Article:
As the final negotiations continue between Microsoft and government lawyers over a joint status report due out today, a Reuters story quotes an unnamed source "familiar with the case" saying that Microsoft agreed to change Vista in response to a complaint from Google.
The source in the Reuters report did not elaborate on what changes would be made. Google has complained to the Department of Justice that a built-in desktop search feature in Vista competes unfairly with its desktop search product and violates the terms of Microsoft's 2001 antitrust settlement with the government.
Microsoft spokesman Jack Evans said the company had no comment on the anonymous report, adding that it does not intend to comment ahead of the official release of the joint status report.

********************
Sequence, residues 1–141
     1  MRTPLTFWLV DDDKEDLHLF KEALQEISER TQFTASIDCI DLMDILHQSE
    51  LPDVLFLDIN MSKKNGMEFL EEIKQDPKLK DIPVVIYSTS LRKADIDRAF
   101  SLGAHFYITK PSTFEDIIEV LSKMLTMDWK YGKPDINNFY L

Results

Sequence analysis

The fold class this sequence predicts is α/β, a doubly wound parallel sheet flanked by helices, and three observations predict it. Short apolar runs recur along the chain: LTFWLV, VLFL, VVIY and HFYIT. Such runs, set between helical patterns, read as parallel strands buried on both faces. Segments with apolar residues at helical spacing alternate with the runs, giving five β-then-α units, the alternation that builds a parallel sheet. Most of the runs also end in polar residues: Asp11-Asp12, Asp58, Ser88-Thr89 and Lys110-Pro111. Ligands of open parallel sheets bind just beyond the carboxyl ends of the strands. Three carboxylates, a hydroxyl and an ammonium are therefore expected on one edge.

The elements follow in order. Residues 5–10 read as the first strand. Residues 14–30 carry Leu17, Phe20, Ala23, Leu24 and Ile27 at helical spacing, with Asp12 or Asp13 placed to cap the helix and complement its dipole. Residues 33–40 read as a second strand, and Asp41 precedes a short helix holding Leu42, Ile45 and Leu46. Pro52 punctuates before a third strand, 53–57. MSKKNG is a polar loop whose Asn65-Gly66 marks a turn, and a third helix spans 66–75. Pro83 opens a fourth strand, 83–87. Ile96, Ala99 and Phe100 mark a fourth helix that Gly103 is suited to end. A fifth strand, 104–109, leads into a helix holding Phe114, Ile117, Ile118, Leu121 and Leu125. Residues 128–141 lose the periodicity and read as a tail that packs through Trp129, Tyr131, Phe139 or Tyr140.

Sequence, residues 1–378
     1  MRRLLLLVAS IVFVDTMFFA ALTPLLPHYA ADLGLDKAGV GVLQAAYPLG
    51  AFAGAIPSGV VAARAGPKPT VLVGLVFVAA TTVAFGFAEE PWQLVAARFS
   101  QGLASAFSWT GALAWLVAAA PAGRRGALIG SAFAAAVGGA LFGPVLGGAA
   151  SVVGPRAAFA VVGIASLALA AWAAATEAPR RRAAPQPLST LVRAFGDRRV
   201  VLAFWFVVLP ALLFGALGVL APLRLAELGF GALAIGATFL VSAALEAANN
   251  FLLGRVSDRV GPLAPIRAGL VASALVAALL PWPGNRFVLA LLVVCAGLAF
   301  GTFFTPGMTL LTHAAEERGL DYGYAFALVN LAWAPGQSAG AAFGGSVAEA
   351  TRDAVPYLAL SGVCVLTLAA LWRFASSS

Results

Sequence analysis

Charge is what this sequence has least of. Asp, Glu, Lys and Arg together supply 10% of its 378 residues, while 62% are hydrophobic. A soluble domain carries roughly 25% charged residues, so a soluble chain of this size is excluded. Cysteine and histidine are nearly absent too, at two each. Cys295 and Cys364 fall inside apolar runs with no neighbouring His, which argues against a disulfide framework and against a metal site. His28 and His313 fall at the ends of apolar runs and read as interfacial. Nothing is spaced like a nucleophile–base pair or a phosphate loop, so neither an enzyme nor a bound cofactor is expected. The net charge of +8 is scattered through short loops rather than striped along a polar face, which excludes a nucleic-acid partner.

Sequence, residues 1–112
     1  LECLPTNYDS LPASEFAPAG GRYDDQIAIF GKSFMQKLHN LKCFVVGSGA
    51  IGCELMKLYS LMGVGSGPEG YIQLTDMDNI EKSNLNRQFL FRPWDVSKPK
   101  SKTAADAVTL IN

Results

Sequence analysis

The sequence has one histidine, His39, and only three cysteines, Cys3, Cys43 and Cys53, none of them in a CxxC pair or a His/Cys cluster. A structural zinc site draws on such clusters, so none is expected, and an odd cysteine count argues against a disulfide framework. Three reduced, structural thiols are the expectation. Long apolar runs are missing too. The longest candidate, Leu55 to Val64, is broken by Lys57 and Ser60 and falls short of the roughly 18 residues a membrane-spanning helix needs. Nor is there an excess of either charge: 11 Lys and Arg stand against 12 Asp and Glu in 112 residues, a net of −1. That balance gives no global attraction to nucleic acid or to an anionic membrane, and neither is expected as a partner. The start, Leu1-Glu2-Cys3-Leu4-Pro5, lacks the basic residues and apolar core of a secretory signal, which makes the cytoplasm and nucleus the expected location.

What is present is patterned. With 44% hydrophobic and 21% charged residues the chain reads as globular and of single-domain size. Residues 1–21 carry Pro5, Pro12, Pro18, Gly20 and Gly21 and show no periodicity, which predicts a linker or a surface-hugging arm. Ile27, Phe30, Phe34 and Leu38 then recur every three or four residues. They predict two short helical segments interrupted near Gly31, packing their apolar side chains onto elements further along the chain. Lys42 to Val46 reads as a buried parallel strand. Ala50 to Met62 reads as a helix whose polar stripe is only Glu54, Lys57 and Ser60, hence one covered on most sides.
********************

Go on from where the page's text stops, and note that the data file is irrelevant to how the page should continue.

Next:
Check out this story for more background on the issue.
Update: Another report citing an anonymous source, this one from The Associated Press, says Microsoft will make changes in Vista to address the Google complaint and will implement them as part of a service pack due by the end of the year.
Until now, Microsoft has refused to discuss the timing of a first service pack for Vista. It's a milestone that many business customers are waiting for to deploy the operating system.
Second update: To read about the changes, and see a copy of the joint status report released tonight, see
our story here.